Part I: Identifying bottlenecks in your R code, debugging, and optimizing

  • Debugging R code & checking correctness
  • Profiling R code to identify bottlenecks
  • Optimizing bottlenecks locally: packages, vectorizing, logical indexing

Part II: R parallelization on high performance computing environments (HPCE)

  • Amdahl’s law and limits of achievable speed up
  • Parallelizing work onto compute clusters via clusterMQ and batchtools
  • Consistently loading packages, .libPaths() and options() on R workers
  • Uncorrelated random number generation for parallel R code
  • Debugging R code in batchtools and clusterMQ jobs

Part III: Case studies and code examples

  • Bootstrapping
  • Cross-validation
  • Trial simulations under replication
  • Within-chain parallelization with several chains in Stan
  • Bring your own problem: start to speed-up your own code with the help of the instructors.

Target Trial Emulation for Causal Inference from Real-World Data

Hybrid?: Yes.
Keywords: observational data, avoding self-inflicted biases, comparing treatment strategies

  • Vanessa Didelez, Leibniz Institute for Prevention Research and Epidemiology - BIPS, Bremen, Germany
  • Maria Geers, Leibniz Institute for Prevention Research and Epidemiology - BIPS, Bremen, Germany

Target trial emulation (TTE) is a general principle to organize and structure the analysis of observational data, such as electronic health records, claims or registry data, so as to minimize common but avoidable sources of bias, e.g. immortal-time bias. Moreover, formulating a target trial is helpful to elicit practically meaningful causal research questions (aka “estimands”) with a clear interpretation. The workshop will explain the principle of TTE using examples from cancer screening, drug safety as well as nutritional epidemiology. For instance, we will illustrate how to emulate a target trial on screening colonoscopy, how this avoids design-related and other biases, while showing how results are badly affected if a naive study design is chosen that suffers from these biases. A brief overview of some relevant statistical methods will be given, such as the clone-censor-weight approach or the parametric g-formula. However, as will become clear, TTE is a fundamental principle that can be combined with various causal inference methods.

Organization of the workshop:
There will be theoretical parts as well as worked examples, with hands-on tasks for the participants.

Learning outcomes:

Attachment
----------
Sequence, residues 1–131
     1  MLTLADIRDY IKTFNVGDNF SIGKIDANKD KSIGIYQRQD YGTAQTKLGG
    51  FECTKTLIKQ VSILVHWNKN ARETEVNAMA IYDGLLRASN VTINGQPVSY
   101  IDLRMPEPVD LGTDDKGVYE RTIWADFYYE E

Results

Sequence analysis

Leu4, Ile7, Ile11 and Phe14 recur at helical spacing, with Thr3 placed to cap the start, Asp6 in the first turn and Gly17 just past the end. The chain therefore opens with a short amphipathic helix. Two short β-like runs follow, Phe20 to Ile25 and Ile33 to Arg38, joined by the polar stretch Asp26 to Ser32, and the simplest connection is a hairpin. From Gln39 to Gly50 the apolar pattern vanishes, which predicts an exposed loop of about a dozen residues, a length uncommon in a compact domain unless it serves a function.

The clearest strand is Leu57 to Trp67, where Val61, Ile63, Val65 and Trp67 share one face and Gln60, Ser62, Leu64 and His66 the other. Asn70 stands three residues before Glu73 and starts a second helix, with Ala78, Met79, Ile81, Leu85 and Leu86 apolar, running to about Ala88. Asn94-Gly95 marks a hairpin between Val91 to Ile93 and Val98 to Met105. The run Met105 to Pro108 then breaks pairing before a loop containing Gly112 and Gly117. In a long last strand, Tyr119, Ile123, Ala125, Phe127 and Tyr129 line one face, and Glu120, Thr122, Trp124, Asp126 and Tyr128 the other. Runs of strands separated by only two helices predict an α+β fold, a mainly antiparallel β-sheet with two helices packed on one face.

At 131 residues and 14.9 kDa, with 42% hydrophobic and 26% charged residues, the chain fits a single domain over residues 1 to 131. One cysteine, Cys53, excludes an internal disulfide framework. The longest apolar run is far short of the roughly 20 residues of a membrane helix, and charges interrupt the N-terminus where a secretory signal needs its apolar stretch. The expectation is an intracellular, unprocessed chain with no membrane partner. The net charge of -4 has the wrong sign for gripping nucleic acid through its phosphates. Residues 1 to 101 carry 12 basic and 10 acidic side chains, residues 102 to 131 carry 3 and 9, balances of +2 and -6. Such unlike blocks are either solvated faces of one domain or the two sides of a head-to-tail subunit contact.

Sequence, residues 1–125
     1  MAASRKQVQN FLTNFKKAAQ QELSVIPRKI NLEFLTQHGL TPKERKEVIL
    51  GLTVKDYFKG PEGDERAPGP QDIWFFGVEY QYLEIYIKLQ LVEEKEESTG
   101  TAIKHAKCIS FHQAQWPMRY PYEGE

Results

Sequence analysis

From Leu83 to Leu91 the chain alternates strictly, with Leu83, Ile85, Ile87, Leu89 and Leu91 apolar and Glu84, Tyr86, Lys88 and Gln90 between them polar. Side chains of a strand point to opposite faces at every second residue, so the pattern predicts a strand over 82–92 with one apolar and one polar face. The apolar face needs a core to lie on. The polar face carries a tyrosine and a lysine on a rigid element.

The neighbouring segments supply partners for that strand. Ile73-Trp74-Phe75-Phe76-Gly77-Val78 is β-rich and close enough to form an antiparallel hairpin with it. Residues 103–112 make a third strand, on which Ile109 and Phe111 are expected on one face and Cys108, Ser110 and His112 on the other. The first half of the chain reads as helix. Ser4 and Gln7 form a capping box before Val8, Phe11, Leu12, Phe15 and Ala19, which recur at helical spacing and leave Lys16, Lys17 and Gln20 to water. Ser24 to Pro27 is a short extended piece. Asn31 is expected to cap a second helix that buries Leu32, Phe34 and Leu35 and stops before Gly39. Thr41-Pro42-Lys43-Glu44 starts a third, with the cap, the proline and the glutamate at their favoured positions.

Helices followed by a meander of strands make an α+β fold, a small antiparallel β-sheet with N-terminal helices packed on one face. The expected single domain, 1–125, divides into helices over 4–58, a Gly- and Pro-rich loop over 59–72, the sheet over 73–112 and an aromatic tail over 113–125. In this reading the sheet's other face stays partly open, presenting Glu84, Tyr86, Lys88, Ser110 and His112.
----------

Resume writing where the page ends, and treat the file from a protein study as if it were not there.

Participants will (i) be able to recognise avoidable sources of bias in naïve studies using observational data; (ii) become aware of basic techniques to avoid these issues; (iii) acquire a basic understanding of TTE that will facilitate studying the more advanced literature.

Improving Precision and Power in Randomized Trials by Leveraging Baseline Variables

Hybrid?: Yes.
Keywords: covariate adjustment; causal inference; standardization; treatment policy; robustness; group sequential designs

  • Kelly Van Lancker, Ghent University, Belgium
  • Michael Rosenblum, Johns Hopkins Bloomberg School of Public Health, Baltimore, U.S.A.
  • Josh Betz, Johns Hopkins Bloomberg School of Public Health, Baltimore, U.S.A.

In May 2021, the U.S. Food and Drug Administration (FDA) released a revised draft guidance for industry on “Adjustment for Covariates in Randomized Clinical Trials for Drugs and Biological Products”. Covariate adjustment is a statistical analysis method for improving precision in clinical trials by adjusting for pre-specified, prognostic baseline variables (e.g., age, BMI, comorbidities). The resulting sample size reductions can lead to substantial cost savings, and also more ethical trials since they avoid exposing more participants than necessary to experimental treatments. Though covariate adjustment is recommended by the FDA and the European Medicines Agency, many trials do not fully exploit the available information in baseline variables.

In Part 1, we explain what covariate adjustment is, how it works, when it may be useful, and how to implement it (in a preplanned way that is robust to model misspecification) for a variety of scenarios.

In Part 2, we present a new method that enables us to easily combine covariate adjustment with group sequential designs. This approach can lead to faster trials, without sacrificing validity or power, even when the experimental treatment is ineffective.

In Part 3, we show the impact of covariate adjustment using completed trial datasets in multiple disease areas. We provide step-by-step, clear documentation of how to apply the software in each setting. Participants will have the time to apply software tools on the different datasets.

Model and Algorithm Evaluation in Supervised Machine Learning

Hybrid?: Yes.
Keywords: prediction; performance; validation; comparison; benchmark

  • Max Westphal, Fraunhofer Institute for Digital Medicine MEVIS, Bremen, Germany
  • Rieke Alpers, Fraunhofer Institute for Digital Medicine MEVIS, Bremen, Germany

The statistical evaluation of developed models and algorithms is an essential part of applied machine learning and predictive modelling. This half-day course is suitable as a concise introduction or refresher for this important topic. It is divided into three parts with sufficient time for participant questions and breaks in between.

Initially, we will repeat essential machine learning basics and cover core concepts of model evaluation. We will mainly consider classification tasks and the most relevant assessment criteria (discrimination, calibration) but also summarize adaptations for regression and survival problems. In the main part, we discuss common pitfalls (leakage, multiplicity, ….) in model evaluation and appropriate best practices to avoid and/or rectify them. Finally, we touch upon some advanced topics and cover important practical aspects (software, reporting, reproducibility) that are required for a successful evaluation study.

The course contents are illustrated by means of real-world data examples, including R code to showcase how the numerical results were obtained. There are no explicit coding sessions in this short course, so a laptop is not necessarily required. The course materials will be made available so that participants have the opportunity to individually reproduce the numerical examples after the course.


  • Initial practical experience in applied machine learning
  • Basic knowledge of descriptive and inferential statistics